Campbell River Mirror

Explore the Discovery Islands

There’s something to see at every turn in the Discovery Islands. Refuge Cove has weathered isolation and economic change. - Photo contributed
There’s something to see at every turn in the Discovery Islands. Refuge Cove has weathered isolation and economic change.
— image credit: Photo contributed

Explore a little known part of the BC coast with historian Jeanette Taylor, who will lead a three-day tour of the Discovery Islands aboard the historic Columbia III May 23 to 26.

The trip, offered by the Museum at Campbell River, winds through the myriad island channels of this exceptionally beautiful stretch of coast.

“It’s an active trip,” says Taylor, “with shore excursions by zodiak two or three times a day to see abandoned homesteads and ancient First Nations village sites.”

Taylor gives the background stories on the history of these places while the Mothership Adventures crew provides the stories of the birds, plants and animals.

“This stretch of coast used to be dotted throughout with Native villages and later by homesteads and little communities based on logging and fishing,” says Taylor. “There was all kinds of action here a century ago, with schools, stores and even a few hotels, but it’s now largely abandoned.” And that, according to Taylor, makes for fun exploration.

Taylor’s recent book, Tidal Passages, documents the people and settlements of the Discovery Islands, from Native history and the age of European exploration to contemporary times.

“It’s so fitting,” says Taylor, “to visit the islands aboard the Columbia III, a place she served as a religious and medical mission over 50 years ago.”

While there are now only scattered remnants, like a forgotten gravestone or the pilings of a once busy cannery, Taylor brings your experiences of these places to life with tales of the many colourful people who once lived there.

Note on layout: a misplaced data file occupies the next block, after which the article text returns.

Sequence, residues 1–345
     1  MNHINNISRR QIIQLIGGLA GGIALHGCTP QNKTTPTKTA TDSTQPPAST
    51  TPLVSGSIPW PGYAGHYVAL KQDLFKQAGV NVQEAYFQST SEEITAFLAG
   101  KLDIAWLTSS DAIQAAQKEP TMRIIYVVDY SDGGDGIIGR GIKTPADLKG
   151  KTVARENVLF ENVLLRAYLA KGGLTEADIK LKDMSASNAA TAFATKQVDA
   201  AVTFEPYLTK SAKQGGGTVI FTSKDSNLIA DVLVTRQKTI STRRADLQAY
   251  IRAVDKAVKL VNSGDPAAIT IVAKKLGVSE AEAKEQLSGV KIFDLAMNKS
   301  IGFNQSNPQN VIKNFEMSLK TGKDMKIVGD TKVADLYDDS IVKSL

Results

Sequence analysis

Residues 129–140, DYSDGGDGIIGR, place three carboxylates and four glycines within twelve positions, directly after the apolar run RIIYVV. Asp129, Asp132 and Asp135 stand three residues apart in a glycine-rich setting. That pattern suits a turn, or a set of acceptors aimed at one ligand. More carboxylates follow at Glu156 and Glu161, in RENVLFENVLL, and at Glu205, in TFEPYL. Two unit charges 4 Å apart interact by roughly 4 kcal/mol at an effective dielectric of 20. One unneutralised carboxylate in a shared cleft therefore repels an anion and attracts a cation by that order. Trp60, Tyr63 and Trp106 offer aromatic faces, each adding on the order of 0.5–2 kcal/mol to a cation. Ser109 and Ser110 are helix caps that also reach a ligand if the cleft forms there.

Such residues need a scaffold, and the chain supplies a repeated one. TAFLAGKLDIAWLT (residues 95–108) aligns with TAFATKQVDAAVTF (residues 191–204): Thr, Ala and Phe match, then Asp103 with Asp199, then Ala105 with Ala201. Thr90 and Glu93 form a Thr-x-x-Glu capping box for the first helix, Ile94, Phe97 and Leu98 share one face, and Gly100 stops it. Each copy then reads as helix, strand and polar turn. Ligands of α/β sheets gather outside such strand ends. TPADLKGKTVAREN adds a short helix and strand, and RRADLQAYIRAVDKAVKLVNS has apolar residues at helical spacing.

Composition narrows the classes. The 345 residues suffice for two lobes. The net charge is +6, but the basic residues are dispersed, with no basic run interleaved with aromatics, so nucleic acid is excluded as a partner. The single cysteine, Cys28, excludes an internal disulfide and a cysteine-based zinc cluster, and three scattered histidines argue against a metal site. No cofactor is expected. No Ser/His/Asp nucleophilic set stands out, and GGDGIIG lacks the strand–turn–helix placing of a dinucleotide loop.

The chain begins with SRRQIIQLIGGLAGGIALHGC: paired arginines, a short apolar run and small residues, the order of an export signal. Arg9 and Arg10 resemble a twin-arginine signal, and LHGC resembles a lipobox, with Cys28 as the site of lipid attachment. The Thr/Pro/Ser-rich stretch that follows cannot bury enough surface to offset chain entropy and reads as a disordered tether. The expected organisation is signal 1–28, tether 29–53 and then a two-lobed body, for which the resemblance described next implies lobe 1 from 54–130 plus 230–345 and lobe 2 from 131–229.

“You couldn’t invent stories and characters as fascinating as these islanders, “ says Taylor. “Men like By-God Stafford of Read Island, with his tales of milking a whale to feed his pigs or Desolation Sound’s logger-turned-philosopher Andrew Shuttler.”

When Shuttler awoke from a barroom brawl, says Taylor, he was covered in blood from a jagged cut up his nose so he fled society to live in remote Melanie Cove, where he ruminated on the meaning of life.

While it’s fun to learn about the people, flora and fauna, what really stands out for participants of past tours is the beauty of this stretch of coast.

There’s something to see at every turn, from waterfalls, sea life in the fast running channels and clustered islands—all of it with a constant backdrop of the Mainland mountains.

Tour participants will get a taste of the present too, with stops at little communities that have weathered isolation and economic change at places like Refuge Cove, at the mouth of Desolation Sound.

The tour is restricted to ten guests. For further information check the Mothership Adventures website www.mothershipadventures.com or call 1-888-833-8887.

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